How do we take every thought captive and make it obedient to Christ when we are busy worrying and not trusting in His sovereign and good provision moment to moment? First I had to confess my addiction to fear, and that addiction to fear came more from an immature belief in Christ’s desire to truly save me from my sin. I once was told by a very wise friend that I had confused unworthiness with worthlessness. That cleared so much up for me. In I John 4:18 we are told
“There is no fear in love. But perfect love drives out fear, because fear has to do with punishment. The one who fears is not made perfect in love.”
I had the reverent and grateful ‘fear’ confused with the fear of an angry father who could not be pleased.
I had to let go of my own misconceptions of who my Heavenly Father is, and I had to trust His Word and what it tells me about Him. My first step was not trusting or relying on my own understanding of God. I need the Holy Spirit and the Word to light my path, guide my steps and tell me which way to walk. Without them I am stumbling in the darkness!
After much prayer and study I found such a wonderful and practical tool in a Scripture passage that I had read and quoted many times before this. Only the Holy Spirit can make a passage come to life and give you the ability to practically apply it in a way that is life transforming!
The passage is Philippians 4:6-9
6Do not be anxious about anything, but in everything, by prayer and petition, with thanksgiving, present your requests to God.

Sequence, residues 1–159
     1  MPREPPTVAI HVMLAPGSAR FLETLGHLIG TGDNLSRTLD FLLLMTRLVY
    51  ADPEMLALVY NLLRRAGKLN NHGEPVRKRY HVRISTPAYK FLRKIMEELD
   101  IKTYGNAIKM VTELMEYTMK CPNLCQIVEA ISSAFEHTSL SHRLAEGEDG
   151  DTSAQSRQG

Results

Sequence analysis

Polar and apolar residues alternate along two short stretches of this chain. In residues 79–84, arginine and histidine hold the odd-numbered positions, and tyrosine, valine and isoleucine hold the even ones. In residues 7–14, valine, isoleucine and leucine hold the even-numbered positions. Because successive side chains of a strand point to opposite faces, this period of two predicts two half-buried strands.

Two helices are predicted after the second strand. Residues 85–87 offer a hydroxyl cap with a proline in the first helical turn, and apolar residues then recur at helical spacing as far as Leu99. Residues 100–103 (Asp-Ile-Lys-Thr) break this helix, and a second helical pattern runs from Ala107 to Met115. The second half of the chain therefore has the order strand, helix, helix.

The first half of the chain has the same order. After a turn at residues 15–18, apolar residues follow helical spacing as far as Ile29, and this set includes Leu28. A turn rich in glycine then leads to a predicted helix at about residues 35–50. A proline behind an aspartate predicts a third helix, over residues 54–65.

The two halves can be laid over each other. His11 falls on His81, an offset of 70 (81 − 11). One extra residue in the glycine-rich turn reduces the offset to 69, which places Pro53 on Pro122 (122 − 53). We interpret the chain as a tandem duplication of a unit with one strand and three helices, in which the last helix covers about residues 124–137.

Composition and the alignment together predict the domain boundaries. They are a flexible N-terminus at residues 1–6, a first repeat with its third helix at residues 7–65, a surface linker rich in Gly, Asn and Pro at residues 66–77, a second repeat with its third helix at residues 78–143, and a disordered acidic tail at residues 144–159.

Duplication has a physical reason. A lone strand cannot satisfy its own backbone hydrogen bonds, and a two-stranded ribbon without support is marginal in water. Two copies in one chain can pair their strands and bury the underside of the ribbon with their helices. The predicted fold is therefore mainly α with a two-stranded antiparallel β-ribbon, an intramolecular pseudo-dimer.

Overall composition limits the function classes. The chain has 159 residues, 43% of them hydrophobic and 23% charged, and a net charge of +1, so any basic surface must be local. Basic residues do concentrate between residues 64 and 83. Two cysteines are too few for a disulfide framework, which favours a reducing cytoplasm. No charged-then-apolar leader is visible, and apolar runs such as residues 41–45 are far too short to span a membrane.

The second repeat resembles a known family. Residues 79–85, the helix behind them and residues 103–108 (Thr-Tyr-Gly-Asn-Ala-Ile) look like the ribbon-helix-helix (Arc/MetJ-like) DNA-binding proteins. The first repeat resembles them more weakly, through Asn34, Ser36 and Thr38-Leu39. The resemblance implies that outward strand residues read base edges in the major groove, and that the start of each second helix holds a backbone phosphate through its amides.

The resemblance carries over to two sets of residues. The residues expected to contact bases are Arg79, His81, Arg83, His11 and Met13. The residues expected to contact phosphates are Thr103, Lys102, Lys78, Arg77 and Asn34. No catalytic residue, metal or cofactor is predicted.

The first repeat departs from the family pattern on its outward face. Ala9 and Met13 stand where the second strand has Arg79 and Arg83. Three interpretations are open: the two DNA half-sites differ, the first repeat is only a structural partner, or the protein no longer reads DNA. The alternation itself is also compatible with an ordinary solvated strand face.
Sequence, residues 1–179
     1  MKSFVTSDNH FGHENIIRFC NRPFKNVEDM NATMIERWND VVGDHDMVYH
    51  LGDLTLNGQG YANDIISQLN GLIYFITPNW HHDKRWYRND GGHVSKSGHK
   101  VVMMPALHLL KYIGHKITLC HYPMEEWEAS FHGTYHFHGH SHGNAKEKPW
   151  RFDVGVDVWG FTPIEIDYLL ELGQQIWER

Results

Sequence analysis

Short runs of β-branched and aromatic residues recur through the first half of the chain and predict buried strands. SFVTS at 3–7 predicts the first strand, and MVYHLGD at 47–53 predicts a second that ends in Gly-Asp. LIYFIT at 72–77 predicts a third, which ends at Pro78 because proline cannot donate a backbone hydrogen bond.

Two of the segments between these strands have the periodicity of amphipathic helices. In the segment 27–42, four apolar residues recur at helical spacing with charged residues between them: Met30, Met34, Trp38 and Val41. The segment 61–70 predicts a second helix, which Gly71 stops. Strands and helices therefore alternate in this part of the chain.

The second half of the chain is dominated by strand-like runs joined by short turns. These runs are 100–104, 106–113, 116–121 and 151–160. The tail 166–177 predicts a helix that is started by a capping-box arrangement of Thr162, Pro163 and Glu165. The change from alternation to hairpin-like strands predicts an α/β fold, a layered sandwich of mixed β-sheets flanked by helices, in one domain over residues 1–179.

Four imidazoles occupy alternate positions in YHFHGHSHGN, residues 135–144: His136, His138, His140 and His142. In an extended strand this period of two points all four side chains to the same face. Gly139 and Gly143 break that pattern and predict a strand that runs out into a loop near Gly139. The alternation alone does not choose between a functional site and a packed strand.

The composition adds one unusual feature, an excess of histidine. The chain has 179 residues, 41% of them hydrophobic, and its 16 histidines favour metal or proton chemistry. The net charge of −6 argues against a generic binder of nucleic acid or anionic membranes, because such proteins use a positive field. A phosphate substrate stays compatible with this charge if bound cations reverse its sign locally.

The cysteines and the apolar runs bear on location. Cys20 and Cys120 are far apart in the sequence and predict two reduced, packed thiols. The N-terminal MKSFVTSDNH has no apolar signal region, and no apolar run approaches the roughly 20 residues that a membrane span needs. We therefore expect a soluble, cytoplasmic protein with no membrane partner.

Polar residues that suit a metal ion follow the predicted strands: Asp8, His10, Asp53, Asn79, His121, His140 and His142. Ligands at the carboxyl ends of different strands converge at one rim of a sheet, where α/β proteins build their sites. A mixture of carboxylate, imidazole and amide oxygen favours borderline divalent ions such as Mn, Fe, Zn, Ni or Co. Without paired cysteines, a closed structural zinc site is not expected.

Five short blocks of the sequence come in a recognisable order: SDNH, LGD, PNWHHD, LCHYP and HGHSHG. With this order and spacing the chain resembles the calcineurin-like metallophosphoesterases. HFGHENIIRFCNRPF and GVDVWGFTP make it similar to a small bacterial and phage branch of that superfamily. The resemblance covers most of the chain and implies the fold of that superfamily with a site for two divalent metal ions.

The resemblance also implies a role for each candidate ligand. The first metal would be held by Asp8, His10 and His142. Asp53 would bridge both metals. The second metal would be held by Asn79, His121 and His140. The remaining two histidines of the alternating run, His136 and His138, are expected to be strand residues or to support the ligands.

This is not merely a suggestion, but rather it is a direct instruction – a directive.
7And the peace of God, which transcends all understanding, will guard your hearts and your minds in Christ Jesus.
8Finally, brothers, whatever is true, whatever is noble, whatever is right, whatever is pure, whatever is lovely, whatever is admirable—if anything is excellent or praiseworthy—think about such things. 9Whatever you have learned or received or heard from me, or seen in me—put it into practice. And the God of peace will be with you.
When you are tempted to indulge in worry and fear around all the possibilities of what could or what might happen to your soldier, airman, marine, or sailor, ask yourself these questions: Is it true? is it noble? Is it right? Is it pure? Is it lovely? Is it admirable? Is it excellent or praiseworthy? Because if you ask yourself these questions you will not be able to answer honestly and continue to worry.
Once you put the litmus test into practice and you use it to judge your thought life, be sure you fill your thought life with things that DO pass the test. I used things in scripture and from my life that fit within the description of what we should dwell on to fill my thoughts.
For example, along with Bible study and focus on scripture I would also think of the day I married my husband and how much I love him. That certainly fits. I would think of the day my children were born and I held them for the first time. I thought of my friends in Church, and my family members. I would think of this Country and how blessed I am to be an American and how grateful I am to those who defend our Constitution.
I do not want to be held captive by my own fear and thought life, but rather I want to live in that freedom and victory that belongs to a child of the living God, through the saving grace of our Lord Jesus! Through Him I am the captor – not the captive!
About the Author:
Claire Shackelford began writing when she found herself attached to the Army at the hip—at one point her husband and two sons were serving. It was then she began writing about her journey through separations and deployments from a Christian perspective. She never faced deployment with her husband, but she have been through 2 now with her oldest son. Claire holds a Master’s Degree in Social Work and she serves as a ministry leader with Christian Military Wives as well as on the Board of Directors for Christian Military Fellowship.